The Hidden History of Black Argentina

artisans

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This subject got a well informed workout in another thread that's still here on BA Expat "Rasism in Argentina"
 

Pierre Smith

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Yeah, I seem to recall that the conclusion was that - whatever anyone else from different countries thinks about it - the very small black population was generally folded into the genetic tapestry of lower class Argentines, and pretty much nobody wants to admit or remember any part of it. So, in many ways, this America-derived racial sensitivity is a solution looking for a problem - that is, however "problematic" people might find Argentina's history on the blacks, including even some Argentines, it's just not really something that 95% of Argentines, including and especially those with African blood, really want to talk at all about. At least, that's what I seem to recall as being the conclusion to the last discussion on this topic.
 

Pierre Smith

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El equipo de investigadores también detalló que en el genoma argentino “promedio” convive ADN originario de tres regiones diferentes de África: dos ya fueron ampliamente descriptas en nuestro territorio y vienen del centro-oeste y del centro de África, que son los más “representados”. Pero ahora los investigadores encontraron una novedad: “También hay rasgos de ADN de grupos originarios de África del este, y –en ciertos individuos– hasta el 30% de su ancestría podría haber llegado de países cercanos a Mozambique, que fue un punto principal de embarque de esclavizados”, contó Luisi.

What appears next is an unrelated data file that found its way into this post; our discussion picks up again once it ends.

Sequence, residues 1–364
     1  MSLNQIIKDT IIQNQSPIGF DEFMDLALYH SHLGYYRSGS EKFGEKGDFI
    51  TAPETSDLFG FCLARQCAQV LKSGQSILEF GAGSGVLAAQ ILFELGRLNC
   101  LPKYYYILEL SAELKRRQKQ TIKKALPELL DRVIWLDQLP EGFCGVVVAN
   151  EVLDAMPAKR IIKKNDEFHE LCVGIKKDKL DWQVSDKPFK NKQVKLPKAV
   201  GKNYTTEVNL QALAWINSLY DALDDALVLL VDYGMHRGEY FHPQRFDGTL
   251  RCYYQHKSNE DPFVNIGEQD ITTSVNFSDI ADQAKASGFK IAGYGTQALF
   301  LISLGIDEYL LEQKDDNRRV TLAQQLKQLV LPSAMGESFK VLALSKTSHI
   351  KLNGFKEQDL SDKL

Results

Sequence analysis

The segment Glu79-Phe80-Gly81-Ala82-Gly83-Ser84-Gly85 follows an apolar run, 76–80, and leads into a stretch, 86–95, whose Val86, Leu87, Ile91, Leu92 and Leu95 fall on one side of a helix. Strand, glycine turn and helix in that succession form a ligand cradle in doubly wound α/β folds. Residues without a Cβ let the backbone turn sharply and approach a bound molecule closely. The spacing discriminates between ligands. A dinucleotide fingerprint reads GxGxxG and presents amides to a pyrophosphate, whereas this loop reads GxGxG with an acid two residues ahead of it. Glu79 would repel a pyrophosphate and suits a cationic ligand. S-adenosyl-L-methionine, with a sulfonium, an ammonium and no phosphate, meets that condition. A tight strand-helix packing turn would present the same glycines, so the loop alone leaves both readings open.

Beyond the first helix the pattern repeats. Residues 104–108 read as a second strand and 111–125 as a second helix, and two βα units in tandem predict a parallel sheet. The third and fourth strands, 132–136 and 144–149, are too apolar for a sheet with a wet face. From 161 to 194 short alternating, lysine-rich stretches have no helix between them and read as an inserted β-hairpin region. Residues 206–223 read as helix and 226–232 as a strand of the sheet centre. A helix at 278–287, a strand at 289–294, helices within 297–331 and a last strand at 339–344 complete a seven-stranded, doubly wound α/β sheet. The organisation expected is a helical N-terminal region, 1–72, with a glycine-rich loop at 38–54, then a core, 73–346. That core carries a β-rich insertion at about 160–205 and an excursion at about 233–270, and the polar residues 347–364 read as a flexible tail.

Oof, no creo que hay una pronunciación de una manera u otra en lo que concierne la desaparición de los africanos argentinos.
 

Renzi

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Latin America and the Caribbean as a whole have always had an ambiguous relationship with their African roots, and ironically, this has always been most pronounced in regions that have a higher Afro-descendant population. For instance, Dominican Republic dictator Rafael Trujillo (himself partly of African origin, though he was said to wear makeup to hide any evidence) implemented one of the harshest regimes of anti-Black racial discrimination ever seen in the Americas. He even actively tried to encourage European immigration to his country to alter its racial composition.
 

Cosme

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Buenos Aires was a very small town at the beginning of the XIX century. By 1812 the city was inhabited by only 40.000 people from which ⅓ (12,000) were slaves. Slaves were freed by a decree from an interim government in 1813 (by then, the country was still a Spanish colony, as independence was declared in 1816). Some joined the army and died during the emancipation military campaigns, others emigrated and the vast majority got blended into the local population.
 
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